Does a soldier and horse statue indicate the way he died?
Contrary to popular belief the idea that the way a soldier’s horse is portrayed has no meaning or significance in the way that the soldier actually died.
This lovely idea is unfortunately something of an urban myth.
The myth perpetuated even has a ‘name’ generally referred to as the ‘Hoof code’ This code attempts to quantify the position of the horses hoofs to describe the codition of the rider. Hence
One hoof raised – this is said to signify that the rider was wounded in battle
Two hooves raised – signifies that the rider was killed in battle
All four hooves raised – signifies that the rider was not wounded (perhaps because the horse must be flying!)
Whilst some people may detect patterns similar to the above the true fact is that there are so many counter-examples that there is no validity in this assumption whatsoever. Most of the hoof placement is just a creative mechanism of the artist to make the horse and rider look good.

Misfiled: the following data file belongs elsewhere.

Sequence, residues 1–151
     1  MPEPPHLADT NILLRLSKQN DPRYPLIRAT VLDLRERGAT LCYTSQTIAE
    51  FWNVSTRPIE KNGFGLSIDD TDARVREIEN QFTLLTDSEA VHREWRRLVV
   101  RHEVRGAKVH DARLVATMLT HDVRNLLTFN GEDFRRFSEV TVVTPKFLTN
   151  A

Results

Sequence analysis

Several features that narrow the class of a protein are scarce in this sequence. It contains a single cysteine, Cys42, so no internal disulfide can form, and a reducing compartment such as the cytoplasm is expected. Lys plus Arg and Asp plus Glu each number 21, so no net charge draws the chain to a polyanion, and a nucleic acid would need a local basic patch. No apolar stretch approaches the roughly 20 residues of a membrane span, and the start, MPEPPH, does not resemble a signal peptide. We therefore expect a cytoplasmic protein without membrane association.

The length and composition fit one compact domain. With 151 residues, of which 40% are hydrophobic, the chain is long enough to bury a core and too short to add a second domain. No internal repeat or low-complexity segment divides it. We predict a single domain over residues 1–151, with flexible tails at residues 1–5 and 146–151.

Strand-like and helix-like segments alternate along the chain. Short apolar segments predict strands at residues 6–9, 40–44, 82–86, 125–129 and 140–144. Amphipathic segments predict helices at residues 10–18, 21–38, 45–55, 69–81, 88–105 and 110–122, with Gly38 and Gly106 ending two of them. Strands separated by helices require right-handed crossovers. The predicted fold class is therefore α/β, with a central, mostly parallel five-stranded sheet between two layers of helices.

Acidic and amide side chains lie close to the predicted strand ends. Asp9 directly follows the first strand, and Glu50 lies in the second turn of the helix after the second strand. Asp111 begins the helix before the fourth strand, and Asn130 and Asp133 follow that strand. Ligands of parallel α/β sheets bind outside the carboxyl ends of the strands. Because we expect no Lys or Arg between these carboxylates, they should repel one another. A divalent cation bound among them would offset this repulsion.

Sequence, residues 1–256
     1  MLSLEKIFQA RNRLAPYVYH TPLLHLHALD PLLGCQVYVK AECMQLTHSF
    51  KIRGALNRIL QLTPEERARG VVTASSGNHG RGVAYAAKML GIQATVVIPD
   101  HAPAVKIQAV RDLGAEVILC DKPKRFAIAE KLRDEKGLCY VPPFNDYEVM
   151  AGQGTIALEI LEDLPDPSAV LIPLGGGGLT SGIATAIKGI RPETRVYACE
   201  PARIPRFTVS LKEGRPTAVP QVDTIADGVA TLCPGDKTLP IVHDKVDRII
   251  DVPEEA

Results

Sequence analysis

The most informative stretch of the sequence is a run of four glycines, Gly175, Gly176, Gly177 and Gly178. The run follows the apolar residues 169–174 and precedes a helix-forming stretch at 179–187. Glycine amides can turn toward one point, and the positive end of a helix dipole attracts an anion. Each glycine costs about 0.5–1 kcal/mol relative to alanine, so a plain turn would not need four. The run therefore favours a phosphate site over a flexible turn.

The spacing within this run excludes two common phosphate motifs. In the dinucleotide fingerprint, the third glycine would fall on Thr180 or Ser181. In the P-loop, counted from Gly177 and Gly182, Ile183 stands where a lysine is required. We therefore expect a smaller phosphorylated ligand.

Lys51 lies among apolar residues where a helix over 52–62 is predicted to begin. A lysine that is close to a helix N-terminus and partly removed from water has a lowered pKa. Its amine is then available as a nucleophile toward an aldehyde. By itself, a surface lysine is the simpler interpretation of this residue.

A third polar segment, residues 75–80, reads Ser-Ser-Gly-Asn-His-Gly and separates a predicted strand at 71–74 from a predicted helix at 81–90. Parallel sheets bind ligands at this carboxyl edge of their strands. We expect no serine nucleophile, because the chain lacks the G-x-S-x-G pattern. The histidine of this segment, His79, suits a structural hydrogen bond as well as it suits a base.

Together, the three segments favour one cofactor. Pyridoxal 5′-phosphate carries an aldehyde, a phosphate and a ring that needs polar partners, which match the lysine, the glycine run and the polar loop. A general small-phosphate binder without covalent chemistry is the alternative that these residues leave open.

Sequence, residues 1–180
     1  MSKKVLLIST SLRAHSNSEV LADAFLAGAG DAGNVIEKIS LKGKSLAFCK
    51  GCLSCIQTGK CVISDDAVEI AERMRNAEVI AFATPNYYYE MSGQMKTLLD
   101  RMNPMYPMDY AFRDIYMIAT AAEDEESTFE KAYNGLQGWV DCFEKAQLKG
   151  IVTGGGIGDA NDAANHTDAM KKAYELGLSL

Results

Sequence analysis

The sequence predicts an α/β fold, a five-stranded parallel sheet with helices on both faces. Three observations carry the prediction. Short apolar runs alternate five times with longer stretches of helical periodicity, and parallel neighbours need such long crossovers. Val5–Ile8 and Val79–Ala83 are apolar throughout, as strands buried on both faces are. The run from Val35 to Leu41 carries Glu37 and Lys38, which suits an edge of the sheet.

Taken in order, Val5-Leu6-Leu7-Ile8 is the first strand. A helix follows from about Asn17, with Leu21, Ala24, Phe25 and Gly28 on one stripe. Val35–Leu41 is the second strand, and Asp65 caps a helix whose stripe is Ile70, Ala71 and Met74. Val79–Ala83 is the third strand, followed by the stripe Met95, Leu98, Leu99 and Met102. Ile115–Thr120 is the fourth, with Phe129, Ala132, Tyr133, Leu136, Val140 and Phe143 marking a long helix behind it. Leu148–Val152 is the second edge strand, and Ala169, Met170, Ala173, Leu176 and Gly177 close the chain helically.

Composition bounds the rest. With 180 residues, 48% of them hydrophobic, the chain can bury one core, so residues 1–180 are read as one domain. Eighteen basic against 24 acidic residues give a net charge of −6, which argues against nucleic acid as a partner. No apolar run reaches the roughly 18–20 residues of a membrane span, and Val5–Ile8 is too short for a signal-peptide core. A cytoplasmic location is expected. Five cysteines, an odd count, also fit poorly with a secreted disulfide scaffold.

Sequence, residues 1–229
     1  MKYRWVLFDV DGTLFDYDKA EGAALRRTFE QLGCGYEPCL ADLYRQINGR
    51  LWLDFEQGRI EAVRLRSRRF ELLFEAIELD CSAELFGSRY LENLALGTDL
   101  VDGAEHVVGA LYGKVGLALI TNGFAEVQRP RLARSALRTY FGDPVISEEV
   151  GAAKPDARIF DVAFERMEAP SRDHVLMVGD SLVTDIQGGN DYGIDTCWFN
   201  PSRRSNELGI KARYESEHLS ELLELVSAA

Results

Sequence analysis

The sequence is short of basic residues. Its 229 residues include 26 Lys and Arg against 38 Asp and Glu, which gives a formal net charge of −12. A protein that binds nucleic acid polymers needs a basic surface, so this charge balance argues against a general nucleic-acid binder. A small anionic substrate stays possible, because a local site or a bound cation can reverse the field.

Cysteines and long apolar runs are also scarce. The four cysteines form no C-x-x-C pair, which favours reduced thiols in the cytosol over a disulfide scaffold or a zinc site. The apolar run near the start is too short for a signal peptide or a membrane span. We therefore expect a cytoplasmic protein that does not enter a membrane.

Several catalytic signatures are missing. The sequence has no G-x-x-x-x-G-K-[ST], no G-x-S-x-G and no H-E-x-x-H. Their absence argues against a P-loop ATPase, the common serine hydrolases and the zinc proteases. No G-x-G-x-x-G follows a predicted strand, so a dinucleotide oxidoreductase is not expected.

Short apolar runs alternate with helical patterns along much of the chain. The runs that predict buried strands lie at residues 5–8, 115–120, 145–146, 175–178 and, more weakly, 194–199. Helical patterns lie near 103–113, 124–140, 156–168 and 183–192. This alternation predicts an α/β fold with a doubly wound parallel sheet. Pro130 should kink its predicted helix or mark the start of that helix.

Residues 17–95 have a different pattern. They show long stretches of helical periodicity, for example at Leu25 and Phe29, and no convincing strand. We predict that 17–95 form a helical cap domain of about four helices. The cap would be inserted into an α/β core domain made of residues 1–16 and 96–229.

Even in cases where a sculptor has made many equestrian statues it may be that they develop a certain ‘rule’ but even this does not apply (take the case of renowed sculptor Augustus Saint-Gauden we see that he has adopted contrary rules).
The only place where the ‘Hoof code’ seems to hold any credence is with the few statues of soldiers who fought in the famous Battle of Gettysburg during the American Civil War. It is possible that this is where the myth of the hoof Code originally developed. Of the 6 equestrian statues five conform with the code but the sixth only loosely. This sixth statue is of General John Sedgewick ( he of the famous quote that “what are the men doing dodging single bullets. They couldn’t hit and elephant from here….” Only to be shot dead from about 1000 yards away). It is therefore possible that whilst he died it was not at the actual battle.
The image attached is of Roman Emperor Marcus Aurelius and is a case in point that contradicts the ‘Hoof Code’. His horse has one foreleg in the air – which indicates Rider being wounded in battle. There is no record of Marcus Aurelius being wounded in battle and he died of illness in year 180.